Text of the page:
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Take it easy: Boards are like any other exam

Comparisons with other students, parental expectations and peer pressure are major concerns for students attempting these exams. It is important that parents create a comfort zone and generate a 'we-are-with-you' feeling among children, especially during exams.

education Updated: Jan 14, 2015 14:07 IST
Aanchal Bedi
Aanchal Bedi
Hindustan Times
Karan Kalra,Indian School,Ayush Mallik

Radhika Khanna (name changed), a Class 12 student, is under pressure. Her neighbour, Ankita, scored 94 %in the Class 12 Boards a year ago and Khanna’s parents expect her to perform a lot better. She isn’t the only one in such a situation. With the boards more then one month away, many students find themselves weighed down by expectations.

As Dr Jitendra Nagpal, a senior psychiatrist at Moolchand Medcity pointed out, comparisons with other students, parental expectations and peer pressure are major concerns for students attempting their Board exams.

“These concerns bog ­students down, leading to severe ­examination stress which can be defined as a feeling of ­anxiety over one’s performance, the results and reaction of parents and friends,” he said.

A Class 10 student admitted to having a tough time dealing with parental pressure. “If parents don’t force their expectations on the students, they can make their own goals and achieve them. When I have made my target of the day on a certain amount of syllabus that I will cover, my parents shouldn’t force me to study more.”

Sangeeta Banerjee, a parent, admitted that “With college admissions becoming difficult there is an increased parental pressure on children.”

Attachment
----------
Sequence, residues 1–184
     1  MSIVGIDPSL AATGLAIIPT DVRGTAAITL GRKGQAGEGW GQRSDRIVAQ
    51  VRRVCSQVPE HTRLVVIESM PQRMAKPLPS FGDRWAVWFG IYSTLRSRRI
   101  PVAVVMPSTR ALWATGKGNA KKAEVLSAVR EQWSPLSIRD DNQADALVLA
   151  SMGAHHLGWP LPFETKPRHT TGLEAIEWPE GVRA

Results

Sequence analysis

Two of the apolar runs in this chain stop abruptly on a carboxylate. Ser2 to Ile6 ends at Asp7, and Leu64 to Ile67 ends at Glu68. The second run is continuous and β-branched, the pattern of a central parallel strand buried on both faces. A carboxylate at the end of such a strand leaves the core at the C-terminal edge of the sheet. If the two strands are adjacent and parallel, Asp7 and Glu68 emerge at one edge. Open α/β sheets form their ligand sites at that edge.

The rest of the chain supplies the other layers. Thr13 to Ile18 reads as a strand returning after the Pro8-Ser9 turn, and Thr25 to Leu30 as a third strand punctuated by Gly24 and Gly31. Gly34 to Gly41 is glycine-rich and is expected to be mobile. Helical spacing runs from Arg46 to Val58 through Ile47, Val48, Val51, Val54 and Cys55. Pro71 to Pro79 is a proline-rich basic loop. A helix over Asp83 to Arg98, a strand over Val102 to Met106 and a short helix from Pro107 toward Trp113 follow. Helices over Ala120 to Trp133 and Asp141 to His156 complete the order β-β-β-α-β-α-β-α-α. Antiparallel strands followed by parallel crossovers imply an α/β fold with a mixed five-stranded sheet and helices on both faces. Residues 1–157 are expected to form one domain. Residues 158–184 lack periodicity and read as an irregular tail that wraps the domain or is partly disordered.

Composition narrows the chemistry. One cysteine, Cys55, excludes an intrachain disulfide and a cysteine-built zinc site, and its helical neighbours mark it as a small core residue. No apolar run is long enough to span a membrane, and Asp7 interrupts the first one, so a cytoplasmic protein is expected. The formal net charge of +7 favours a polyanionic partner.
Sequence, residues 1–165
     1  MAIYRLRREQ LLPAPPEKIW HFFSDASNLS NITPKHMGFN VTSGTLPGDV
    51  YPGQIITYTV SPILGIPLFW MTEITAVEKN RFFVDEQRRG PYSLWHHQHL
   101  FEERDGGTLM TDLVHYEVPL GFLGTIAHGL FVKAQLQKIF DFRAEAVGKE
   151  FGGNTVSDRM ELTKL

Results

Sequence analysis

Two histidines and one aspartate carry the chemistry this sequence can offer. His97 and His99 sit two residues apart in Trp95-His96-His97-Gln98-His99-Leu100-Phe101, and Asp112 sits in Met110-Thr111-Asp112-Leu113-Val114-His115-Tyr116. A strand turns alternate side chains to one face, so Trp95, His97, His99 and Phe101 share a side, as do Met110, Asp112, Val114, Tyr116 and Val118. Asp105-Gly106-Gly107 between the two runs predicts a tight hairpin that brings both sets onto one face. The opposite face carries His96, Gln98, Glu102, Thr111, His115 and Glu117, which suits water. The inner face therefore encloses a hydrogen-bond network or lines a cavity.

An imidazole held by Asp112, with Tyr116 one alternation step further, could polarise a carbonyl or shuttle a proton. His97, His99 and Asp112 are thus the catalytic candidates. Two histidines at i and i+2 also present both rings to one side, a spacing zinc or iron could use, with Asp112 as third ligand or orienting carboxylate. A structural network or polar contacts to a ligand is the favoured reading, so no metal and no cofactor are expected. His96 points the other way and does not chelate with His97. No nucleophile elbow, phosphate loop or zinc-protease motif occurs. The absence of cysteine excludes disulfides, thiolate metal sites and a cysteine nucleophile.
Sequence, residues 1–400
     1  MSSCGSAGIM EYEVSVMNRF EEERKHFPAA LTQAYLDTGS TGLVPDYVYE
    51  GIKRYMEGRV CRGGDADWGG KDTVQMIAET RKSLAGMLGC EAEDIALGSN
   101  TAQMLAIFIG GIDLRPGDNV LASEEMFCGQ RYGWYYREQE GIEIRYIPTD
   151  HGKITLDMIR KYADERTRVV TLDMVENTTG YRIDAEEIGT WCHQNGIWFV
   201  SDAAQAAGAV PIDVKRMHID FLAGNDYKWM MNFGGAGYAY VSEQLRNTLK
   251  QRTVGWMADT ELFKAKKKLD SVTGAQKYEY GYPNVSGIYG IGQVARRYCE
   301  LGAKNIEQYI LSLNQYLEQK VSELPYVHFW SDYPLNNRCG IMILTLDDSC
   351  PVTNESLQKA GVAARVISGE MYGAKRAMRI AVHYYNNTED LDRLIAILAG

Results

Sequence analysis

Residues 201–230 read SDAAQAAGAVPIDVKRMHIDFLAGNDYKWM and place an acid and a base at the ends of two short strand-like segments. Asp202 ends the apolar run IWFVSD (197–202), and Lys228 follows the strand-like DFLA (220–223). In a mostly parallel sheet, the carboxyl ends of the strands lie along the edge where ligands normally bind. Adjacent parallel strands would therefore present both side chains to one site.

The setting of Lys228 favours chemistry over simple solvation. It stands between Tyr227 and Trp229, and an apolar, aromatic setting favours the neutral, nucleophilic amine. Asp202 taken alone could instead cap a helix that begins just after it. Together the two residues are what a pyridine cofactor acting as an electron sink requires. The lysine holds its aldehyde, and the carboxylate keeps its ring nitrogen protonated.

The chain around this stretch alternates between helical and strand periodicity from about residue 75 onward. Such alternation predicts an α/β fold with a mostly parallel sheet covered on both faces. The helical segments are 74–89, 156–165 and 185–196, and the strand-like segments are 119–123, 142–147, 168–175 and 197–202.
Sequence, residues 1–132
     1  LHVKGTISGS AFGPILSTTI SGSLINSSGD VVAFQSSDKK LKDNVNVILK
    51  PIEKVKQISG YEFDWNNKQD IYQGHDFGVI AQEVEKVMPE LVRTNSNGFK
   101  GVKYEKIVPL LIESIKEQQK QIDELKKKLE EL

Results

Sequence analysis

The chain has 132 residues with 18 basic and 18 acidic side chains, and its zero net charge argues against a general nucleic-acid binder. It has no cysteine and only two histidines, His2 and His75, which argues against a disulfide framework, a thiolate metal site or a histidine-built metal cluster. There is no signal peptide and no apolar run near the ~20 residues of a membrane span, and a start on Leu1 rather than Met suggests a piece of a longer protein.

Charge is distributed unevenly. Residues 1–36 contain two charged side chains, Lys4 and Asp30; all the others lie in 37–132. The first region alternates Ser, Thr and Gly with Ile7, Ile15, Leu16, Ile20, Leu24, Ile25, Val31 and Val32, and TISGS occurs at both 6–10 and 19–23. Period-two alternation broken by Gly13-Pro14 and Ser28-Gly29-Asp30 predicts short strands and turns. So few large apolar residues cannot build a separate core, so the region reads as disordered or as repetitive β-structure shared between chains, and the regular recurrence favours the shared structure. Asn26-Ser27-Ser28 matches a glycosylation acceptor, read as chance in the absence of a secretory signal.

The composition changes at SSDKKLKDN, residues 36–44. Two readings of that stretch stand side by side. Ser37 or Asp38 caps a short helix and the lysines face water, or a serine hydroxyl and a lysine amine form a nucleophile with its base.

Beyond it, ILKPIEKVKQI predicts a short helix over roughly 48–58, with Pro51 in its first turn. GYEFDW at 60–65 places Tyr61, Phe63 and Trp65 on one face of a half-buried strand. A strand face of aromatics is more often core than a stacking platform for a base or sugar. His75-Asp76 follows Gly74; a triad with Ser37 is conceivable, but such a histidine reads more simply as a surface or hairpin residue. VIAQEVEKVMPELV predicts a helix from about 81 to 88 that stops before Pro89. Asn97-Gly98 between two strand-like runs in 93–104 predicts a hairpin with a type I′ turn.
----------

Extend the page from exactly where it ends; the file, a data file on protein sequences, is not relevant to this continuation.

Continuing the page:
Much harm can be caused by expectations, said Geetanjali Kumar, a parenting coach. “Parental expectations driven by their social standing can ­hamper a student’s ­performance. It is imperative to create a comfort zone and generate a ­‘we-are-with-you’ feeling among ­children, especially during exams,” Kumar said.

As to how is he dealing with parental pressure, Ayush Mallik from the Indian School said, “If you expect the Prime Minister to save the country during crisis or a cook to make food as per one’s liking, then what’s wrong with parents and teachers expecting us to perform well in exams? Expectations should be taken as challenges. But you should not let others’ expectations decide what you do for the rest of your life. For this, you need to know what you expect from yourself and work accordingly.”

Karan Kalra of the Indian School said, “I want to become an actor but my parents expect me to join the family business after finishing my studies. Seeing my unflinching dedication, they accepted it and gave me five years to turn my dream into a reality.”

Crack the tough ones!

Focus on five most important chapters ­
first - fundamentals, admission, shares, ratios and cash flow statements
Solve as many papers as you can
Never overwrite in paper

Focus on value-based questions
Attempt all sections in an orderly manner, one section at a time.
Be thorough with the NCERT textbook

Study all the formulae conversions thoroughly
Practice 10 full length Board papers and get all queries answered
Memorise important structures

Clarify the concepts
Memorise and understand definitions of various economic terms

Bifurcate topics from sample papers, manage time and prepare chapter wise
Practice as much as you can
Make sure you revise the whole paper after writing it

Follow NCERT textbook only
Prepare in this order- optics, dual nature of matter and radiation, atom & nuclei, semiconductor devices, principles of ­communication and EM waves, electrostatics, ­current electricity, ­magnetic effect of current & magnetism etc

First Published: Dec 31, 2014 12:34 IST